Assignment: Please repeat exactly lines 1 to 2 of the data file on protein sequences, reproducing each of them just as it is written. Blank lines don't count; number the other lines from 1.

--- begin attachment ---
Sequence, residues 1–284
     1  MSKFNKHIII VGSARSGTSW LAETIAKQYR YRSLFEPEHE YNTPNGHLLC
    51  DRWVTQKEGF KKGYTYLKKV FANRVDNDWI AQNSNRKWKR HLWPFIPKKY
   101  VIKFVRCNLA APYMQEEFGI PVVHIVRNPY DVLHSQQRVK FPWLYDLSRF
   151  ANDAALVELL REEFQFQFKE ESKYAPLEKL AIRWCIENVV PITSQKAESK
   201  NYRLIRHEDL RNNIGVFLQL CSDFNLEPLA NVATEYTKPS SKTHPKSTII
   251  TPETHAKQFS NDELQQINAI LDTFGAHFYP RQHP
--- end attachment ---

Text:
Sequence, residues 1–284
     1  MSKFNKHIII VGSARSGTSW LAETIAKQYR YRSLFEPEHE YNTPNGHLLC